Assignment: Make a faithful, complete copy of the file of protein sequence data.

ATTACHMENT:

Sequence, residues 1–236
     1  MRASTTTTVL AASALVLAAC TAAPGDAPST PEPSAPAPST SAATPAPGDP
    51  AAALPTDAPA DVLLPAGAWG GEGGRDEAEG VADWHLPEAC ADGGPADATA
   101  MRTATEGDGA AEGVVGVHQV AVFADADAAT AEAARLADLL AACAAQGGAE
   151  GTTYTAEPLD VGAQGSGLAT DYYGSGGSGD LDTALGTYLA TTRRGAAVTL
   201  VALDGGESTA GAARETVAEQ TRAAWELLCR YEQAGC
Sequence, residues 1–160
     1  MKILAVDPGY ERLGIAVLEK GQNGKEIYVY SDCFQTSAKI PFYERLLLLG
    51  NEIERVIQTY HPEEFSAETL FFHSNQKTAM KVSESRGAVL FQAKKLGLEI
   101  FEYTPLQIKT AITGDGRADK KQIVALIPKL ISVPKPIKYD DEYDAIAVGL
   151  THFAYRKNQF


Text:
Sequence, residues 1–236
     1  MRASTTTTVL AASALVLAAC TAAPGDAPST PEPSAPAPST SAATPAPGDP
    51  AAALPTDAPA DVLLPAGAWG GEGGRDEAEG VADWHLPEAC ADGGPADATA
   101  MRTATEGDGA AEGVVGVHQV AVFADADAAT AEAARLADLL AACAAQGGAE
   151  GTTYTAEPLD VGAQGSGLAT DYYGSGGSGD LDTALGTYLA TTRRGAAVTL
   201  VALDGGESTA GAARETVAEQ TRAAWELLCR YEQAGC
Sequence, residues 1–160
     1  MKILAVDPGY ERLGIAVLEK GQNGKEIYVY SDCFQTSAKI PFYERLLLLG
    51  NEIERVIQTY HPEEFSAETL FFHSNQKTAM KVSESRGAVL FQAKKLGLEI
   101  FEYTPLQIKT AITGDGRADK KQIVALIPKL ISVPKPIKYD DEYDAIAVGL
   151  THFAYRKNQF